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EssayMaria Kiesner

By Sławomir Shuty

The Street

We had everything that was needed on the spot. We didn’t need to go anywhere as everything was nearby: a nursery, a kindergarten, a primary school, a comprehensive, a cobbler, a laundrette, a tailor, a greengrocer, a grocer, a chemist, a community centre, video rental, a parking lot and newsagents. The only two things missing were a church and a doctor’s surgery where old women and not so young men could ‘confess’ their pains and ailments. And all these were enclosed in grey blocks which, when looked at from above, would remind one of a toy train set town. Covered with a layer of grey patina to make it look more real, spread on a faded carpet under a plastic Christmas tree, faintly smelling of larch wood – a toy town accidently found by excited kids looking for their Christmas presents. A train set town with everything included but the train set.

Maria Kiesner

Not so skilful hand of an artist, classified as a member of the Naïve Art group for her emotional engagement and simplistic technique, has painted a tangle of radio and TV antennas on the rows of equally distributed, with a mannerism of a socrealist architect, milk cartons. Wire-net pigeon lofts scattered all over the roof, stairway entrance decorated with bluish glass blocks, windows with white net curtains and sometimes visible green pot plants or fake red flower ornaments of sacred pictures inside, square widows of sheds and laundry rooms – they all have been painted with the same lack of diligence.

Maria Kiesner

The God’s shrine itself located on the neighbouring estate looked like a messy pile of egg cartons, a combination of a crib and a metal exhibition hall. However, from a perspective, the church with its crooked and bent at different angles roof might have looked like an avant-garde architectural design with an old-fashioned ideology. It was stuck there amongst heaps, closed airport, remains of the never completed construction sites and piles of concrete blocks with metal spikes, like a cheap cliché in a well structured methodical counsel.

Maria Kiesner

A concentration of those sad gray blocks of flats, euphemistically called estates, was self contained. Officially it was under the authority of the crooked local council and was supervised by rather old ever-present busybodies called ‘the activists’ or the ‘social workers’ – they were in charge of keeping order, e.g. getting the kids off grass.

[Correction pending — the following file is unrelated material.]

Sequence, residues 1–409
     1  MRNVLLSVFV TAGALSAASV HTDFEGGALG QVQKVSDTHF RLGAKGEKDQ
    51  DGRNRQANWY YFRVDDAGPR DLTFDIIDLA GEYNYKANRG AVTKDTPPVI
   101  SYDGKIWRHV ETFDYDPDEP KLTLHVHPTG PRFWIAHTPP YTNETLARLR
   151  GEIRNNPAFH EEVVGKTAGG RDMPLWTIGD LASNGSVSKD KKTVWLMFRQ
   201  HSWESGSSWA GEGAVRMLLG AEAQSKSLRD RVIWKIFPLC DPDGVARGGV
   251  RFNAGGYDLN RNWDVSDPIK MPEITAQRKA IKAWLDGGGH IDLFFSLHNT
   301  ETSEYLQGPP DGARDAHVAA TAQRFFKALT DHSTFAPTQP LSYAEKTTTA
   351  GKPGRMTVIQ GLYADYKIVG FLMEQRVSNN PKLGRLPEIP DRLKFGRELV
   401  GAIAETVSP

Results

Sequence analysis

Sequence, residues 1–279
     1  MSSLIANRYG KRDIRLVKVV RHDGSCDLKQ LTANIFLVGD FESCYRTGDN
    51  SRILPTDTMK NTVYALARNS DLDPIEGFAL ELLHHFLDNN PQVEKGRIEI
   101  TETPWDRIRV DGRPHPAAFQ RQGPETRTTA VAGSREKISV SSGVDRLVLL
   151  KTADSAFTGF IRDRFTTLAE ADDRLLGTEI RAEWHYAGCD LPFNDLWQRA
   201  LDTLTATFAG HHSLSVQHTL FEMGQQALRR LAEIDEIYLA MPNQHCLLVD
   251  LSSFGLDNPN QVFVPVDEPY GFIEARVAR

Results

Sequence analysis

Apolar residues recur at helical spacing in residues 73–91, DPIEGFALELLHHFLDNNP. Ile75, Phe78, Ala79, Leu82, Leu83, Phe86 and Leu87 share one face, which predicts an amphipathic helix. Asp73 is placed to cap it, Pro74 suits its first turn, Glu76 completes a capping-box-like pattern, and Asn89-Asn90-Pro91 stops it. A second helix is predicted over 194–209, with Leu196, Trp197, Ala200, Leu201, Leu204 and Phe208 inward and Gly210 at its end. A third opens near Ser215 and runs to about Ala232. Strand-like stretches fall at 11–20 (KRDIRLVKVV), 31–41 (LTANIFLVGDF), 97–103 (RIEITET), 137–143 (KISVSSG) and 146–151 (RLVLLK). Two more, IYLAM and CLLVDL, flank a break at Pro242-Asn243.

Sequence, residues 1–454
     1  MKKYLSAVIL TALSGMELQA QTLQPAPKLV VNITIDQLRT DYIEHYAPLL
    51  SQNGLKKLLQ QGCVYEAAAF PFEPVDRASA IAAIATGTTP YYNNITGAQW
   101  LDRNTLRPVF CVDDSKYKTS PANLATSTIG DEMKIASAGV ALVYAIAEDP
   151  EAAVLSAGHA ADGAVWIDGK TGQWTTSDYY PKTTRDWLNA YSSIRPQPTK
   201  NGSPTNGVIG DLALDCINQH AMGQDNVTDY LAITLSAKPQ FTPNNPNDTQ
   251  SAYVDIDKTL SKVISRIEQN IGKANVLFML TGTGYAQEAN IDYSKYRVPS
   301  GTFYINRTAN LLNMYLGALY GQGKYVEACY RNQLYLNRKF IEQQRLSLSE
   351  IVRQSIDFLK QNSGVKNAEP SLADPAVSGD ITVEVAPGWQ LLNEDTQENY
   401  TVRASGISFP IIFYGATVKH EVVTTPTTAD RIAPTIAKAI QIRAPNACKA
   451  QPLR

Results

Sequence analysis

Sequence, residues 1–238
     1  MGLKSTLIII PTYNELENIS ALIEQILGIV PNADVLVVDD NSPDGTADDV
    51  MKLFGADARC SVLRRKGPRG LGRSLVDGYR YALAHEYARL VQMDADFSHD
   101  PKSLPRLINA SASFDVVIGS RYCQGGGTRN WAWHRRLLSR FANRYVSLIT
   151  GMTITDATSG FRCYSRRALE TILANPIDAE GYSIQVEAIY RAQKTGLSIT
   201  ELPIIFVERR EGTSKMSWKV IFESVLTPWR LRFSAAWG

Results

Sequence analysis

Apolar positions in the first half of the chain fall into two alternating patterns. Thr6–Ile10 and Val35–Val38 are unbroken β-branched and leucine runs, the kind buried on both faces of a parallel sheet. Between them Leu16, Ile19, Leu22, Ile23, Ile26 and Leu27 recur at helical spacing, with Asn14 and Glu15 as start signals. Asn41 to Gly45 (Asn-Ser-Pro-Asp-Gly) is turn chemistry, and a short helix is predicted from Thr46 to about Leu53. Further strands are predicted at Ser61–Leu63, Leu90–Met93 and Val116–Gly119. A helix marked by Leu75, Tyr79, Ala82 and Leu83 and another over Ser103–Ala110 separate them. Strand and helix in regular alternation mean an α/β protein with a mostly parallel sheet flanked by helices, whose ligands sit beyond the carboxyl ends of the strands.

This self contained unit was designed in such way that it could resolve all its physiological matters on the spot. In practice,  it meant that when the glorious day at the end of a month -the payday - arrived the local bushes, trees, hills and grass were populated by half erected, crumpled characters, who either were nudging each other, or singing or walking towards the neighbouring estate to resolve some dormant disputes between the local clans.

Maria Kiesner

Alas, boys were fighting with boys, pulling each other’s jackets, shooting from sling shots and blowpipes, lighting up crackers, throwing water bombs, sulphur-nitre bombs and kicking each other’s arses. Because everyone was against everyone: estates versus estates, blocks vs. blocks, floors vs. floors. And the red cheeked girls stood there goading: ‘Kill him! Kill him! Do something! Don’t be a wimp! Show him what you are made of! Show him you’re a red blooded male not a city pussy!’ Alas, just a stone throw away the mobile units of military police, devoted to People’s Republic, were bashing the opposition with truncheons. Then everything was black and white or white and red, and just the blocks of flats stood there in different shades of gray caused by the factory dust sneaking in there at night. At night, when everyone was asleep, it would emit the worst, the most poisonous gases.

Maria Kiesner

Alas, this is where we would live, where we would shout and burn tyres. This is where we would die, without a complaint, from a weltschmertz – a sentimental pessimism woken up by the overdose of cheap booze. That was a different era and one didn’t need to pursue things, go places or look for God knows what. What for? Where? Everything one needed was on the spot, on that street soaked in a black sun. All one needed to do was to confess their sins twice a year and take a Holy Communion at Easter – there, simple rules, everyday issues. Not like nowadays when the world’s upside down ruled by a phallus.